Categories: NewsPublished On: 17th March 2020

Mushrooms use less water for more food

By 2 min read


Take note of the advantages of mushrooms during this Water Week, March 17 – 22

With Water Week upon us, you may wish to start your sustainable and good-for-your-body and light-on-the-planet food journey with  mushrooms; they’re deliciously healthy AND require minimal natural resources to produce!

According to a 2017 study titled “The Mushroom Sustainability Story,” which measured the water, energy and carbon emissions required to grow and harvest fresh mushrooms in the United States, mushroom production requires relatively low water, energy and land space. In fact, the researchers have noted that mushrooms can be considered “one of the most sustainably produced foods in the United States.”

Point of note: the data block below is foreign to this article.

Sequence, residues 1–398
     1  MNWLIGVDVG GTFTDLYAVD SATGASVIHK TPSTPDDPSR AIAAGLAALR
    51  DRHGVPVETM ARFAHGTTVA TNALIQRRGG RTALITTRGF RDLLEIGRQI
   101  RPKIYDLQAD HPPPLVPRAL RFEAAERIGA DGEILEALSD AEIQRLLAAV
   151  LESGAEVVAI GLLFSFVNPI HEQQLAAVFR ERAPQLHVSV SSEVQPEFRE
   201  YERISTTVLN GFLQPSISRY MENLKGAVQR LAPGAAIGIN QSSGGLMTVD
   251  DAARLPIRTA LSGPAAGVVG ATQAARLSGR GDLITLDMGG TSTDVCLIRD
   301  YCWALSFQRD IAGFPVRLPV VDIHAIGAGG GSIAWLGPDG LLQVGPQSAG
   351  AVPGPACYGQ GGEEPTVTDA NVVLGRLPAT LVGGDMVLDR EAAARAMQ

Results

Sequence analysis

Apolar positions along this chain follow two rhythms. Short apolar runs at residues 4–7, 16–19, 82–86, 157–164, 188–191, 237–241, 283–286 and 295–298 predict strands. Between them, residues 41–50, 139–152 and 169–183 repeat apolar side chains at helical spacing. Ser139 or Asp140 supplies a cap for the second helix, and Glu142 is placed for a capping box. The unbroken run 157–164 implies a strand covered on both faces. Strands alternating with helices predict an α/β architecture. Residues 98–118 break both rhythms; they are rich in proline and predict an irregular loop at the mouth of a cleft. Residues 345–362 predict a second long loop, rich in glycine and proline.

We know that plant-based diets are a tenet of sustainable eating and we’re delighted that mushrooms are one of the heroes of this movement. We already know that they are umami-rich so packed with flavour and also a nutritional Superfood and now we can add their unique growing process and minimal natural resource requirement during production to their list of attributes.

The South African Mushroom Farmers’ Association (SAMFA) translated some of the 2017 US study stats into South African stats to remind us of the many reasons why we should simply add more mushrooms to our plates more often. Download the images by clicking on our link:

Source: The Mushroom Sustainability Story: Water, Energy and Climate Environmental Metrics 2017 study, produced by leading sustainability analysis and research firm SureHarvest, is the result of a two-year initiative to document mushroom production environment metrics. Additionally, SureHarvest and UC Davis researchers collaborated on a life cycle assessment study of mushroom production in the United States: Robinson, B., Winans, K., Kendall, A. et al. Int J Life Cycle Assess (2019) 24: 456.


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